Use of the equation for mass balance yields the moisture content of the moist air leaving the spray chamber:

Gb = 0.008 171 + 0.002

= 0.010 171 kg per kg dry air

Use of the energy balance equation gives the enthalpy of the air leaving the chamber and hence, also, its dry-bulb temperature by equation (2.24)

Hb = 41.88 + 0.002×418.06 = 42.716 kJ per kg dry air = (1.007?b — 0.026) + 0.010 171(2501 + 1.84fb)

Thus,

42.716 = 1.007rb — 0.026 + 25.44 + 0.0187fb tb = 16.9°C

Reference back to Figure 3.8 shows a summary of what happens with different feed — water temperatures: change of state from A to Bj is along a line of constant enthalpy and is for a feed-water temperature of 0°C; change of state from A to B2 occurs when the water is injected at the wet-bulb temperature of the entry air and takes place along a line of constant wet-bulb temperature; and change of state from A to B3 (the subject of example 3.7) is for water injected at 100°C. For all cases except that of the change A to B1; an increase in enthalpy occurs which is a direct consequence of the enthalpy (and, hence, the temperature) of the injected water, provided this is all evaporated. In general, the condition line AB will lie somewhere in between the limiting lines, AB^ = 0°C) and AB3(rw = 100°C). The important thing to notice is that the angular displacement between these two condition lines is only about 7 degrees and that one of the intermediate lines is a line of constant wet-bulb temperature. It follows that for all practical purposes the change of state for a process of so-called adiabatic saturation may be assumed to follow a line of wet-bulb temperature. It is worth noting that although the process line on the psychrometric chart still lies within the 7° sector mentioned, the warmer the water the faster the evaporation rate, since temperature influences vapour pressure (see equations (4.2) and (4.3)).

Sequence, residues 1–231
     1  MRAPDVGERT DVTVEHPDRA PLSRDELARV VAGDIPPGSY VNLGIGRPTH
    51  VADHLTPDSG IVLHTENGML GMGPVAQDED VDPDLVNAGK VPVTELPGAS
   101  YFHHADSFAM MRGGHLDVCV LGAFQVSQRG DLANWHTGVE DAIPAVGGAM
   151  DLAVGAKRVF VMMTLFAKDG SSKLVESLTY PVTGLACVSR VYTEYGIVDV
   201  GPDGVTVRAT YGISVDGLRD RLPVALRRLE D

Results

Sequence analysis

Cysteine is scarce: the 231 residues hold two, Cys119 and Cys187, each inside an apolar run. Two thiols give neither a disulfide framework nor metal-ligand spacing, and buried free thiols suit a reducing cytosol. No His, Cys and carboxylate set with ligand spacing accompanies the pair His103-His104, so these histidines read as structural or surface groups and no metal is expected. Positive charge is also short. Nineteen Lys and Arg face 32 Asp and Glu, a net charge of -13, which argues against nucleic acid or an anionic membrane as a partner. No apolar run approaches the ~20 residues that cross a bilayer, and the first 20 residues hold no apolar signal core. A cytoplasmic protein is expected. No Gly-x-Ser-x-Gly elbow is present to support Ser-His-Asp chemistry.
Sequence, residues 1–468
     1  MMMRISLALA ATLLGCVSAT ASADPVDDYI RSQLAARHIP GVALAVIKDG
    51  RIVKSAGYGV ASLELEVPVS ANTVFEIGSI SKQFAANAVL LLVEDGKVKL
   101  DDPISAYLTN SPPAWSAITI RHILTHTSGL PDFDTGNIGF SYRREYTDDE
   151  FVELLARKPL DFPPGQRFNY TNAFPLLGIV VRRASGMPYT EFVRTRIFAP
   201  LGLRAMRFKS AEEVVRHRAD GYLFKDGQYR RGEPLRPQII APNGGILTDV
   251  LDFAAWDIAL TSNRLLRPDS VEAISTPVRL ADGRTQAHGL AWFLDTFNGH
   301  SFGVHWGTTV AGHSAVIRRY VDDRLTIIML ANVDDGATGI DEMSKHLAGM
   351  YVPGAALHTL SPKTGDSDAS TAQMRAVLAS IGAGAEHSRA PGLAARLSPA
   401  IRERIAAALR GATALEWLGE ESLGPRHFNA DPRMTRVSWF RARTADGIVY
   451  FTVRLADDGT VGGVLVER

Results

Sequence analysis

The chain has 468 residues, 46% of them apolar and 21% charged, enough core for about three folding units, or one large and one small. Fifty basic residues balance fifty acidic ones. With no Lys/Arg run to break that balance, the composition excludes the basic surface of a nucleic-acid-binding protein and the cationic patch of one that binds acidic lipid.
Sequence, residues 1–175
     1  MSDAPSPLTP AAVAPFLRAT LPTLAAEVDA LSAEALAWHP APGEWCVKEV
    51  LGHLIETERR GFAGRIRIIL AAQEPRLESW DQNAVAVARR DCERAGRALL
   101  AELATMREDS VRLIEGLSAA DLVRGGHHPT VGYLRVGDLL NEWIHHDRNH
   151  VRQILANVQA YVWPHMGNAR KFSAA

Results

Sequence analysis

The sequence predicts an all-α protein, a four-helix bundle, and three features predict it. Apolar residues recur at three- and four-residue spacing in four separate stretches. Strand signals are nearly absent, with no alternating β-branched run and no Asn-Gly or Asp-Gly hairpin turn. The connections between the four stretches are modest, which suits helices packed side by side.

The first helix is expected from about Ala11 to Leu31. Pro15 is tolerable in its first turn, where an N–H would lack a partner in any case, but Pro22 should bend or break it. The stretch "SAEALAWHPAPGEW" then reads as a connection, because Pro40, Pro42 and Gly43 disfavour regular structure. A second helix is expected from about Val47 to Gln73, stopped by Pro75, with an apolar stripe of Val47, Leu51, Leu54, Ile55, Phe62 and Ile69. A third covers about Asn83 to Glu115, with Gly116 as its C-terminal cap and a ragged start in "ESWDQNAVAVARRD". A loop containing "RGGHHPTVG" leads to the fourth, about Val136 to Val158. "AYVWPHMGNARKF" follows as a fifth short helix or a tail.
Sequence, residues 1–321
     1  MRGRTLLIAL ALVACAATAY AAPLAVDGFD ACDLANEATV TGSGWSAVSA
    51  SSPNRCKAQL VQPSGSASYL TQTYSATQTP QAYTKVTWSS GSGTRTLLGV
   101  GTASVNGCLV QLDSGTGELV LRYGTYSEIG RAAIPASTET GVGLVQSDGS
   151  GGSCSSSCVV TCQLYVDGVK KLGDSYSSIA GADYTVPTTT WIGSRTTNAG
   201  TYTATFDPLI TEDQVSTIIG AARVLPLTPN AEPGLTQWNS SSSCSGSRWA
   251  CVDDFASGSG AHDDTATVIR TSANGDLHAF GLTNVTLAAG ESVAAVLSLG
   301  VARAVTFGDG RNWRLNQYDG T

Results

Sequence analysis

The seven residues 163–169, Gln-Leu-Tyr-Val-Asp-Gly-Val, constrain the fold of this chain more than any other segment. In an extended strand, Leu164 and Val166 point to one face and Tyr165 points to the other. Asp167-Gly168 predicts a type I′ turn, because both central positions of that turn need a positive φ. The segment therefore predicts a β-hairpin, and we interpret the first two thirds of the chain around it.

Ultrasonic acoustic humidifiers are also used to atomise water. A piezo-electric crystal submerged in water converts a high frequency electronic signal into oscillations which drive particles of water from the surface into the airstream. The psychrometry is similar to that shown in Figure 3.8. As with all humidifiers that inject droplets into an airstream demineralised water must be used. Otherwise the salts of hardness and other pollutants remain in the humidified airstream as airborne solids after the droplets have evaporated and are delivered to the conditioned space.

The air washer is not used today for humidifying airstreams supplied to occupied spaces. It is not hygienic (see Pickering and Jones (1986)). It is also expensive in capital and maintenance costs, occupies a lot of space and is thermally inefficient when compared with a cooler coil. These objections are more than enough to offset the advantages it offers of giving thermal inertia to the system (with improved stability for dew-point control of the airstream leaving the washer) and simple ‘free’ cooling in winter.

Posted in Engineering Fifth Edition